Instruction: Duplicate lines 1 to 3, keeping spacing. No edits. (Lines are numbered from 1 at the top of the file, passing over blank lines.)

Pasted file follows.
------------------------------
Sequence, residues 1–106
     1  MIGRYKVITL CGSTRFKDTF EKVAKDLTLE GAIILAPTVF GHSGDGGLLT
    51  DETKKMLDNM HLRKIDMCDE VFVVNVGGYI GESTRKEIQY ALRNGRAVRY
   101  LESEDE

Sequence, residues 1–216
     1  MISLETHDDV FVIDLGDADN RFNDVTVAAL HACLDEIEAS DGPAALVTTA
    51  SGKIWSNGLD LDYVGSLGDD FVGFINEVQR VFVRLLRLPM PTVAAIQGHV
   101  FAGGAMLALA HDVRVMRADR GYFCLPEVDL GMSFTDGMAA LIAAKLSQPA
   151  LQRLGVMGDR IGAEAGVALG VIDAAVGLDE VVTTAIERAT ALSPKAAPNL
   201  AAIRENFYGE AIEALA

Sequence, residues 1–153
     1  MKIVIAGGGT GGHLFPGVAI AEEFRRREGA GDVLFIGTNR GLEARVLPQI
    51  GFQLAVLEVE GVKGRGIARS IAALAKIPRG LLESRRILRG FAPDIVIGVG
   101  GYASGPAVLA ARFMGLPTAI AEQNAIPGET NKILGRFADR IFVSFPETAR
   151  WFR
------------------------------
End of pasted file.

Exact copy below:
Sequence, residues 1–106
     1  MIGRYKVITL CGSTRFKDTF EKVAKDLTLE GAIILAPTVF GHSGDGGLLT
    51  DETKKMLDNM HLRKIDMCDE VFVVNVGGYI GESTRKEIQY ALRNGRAVRY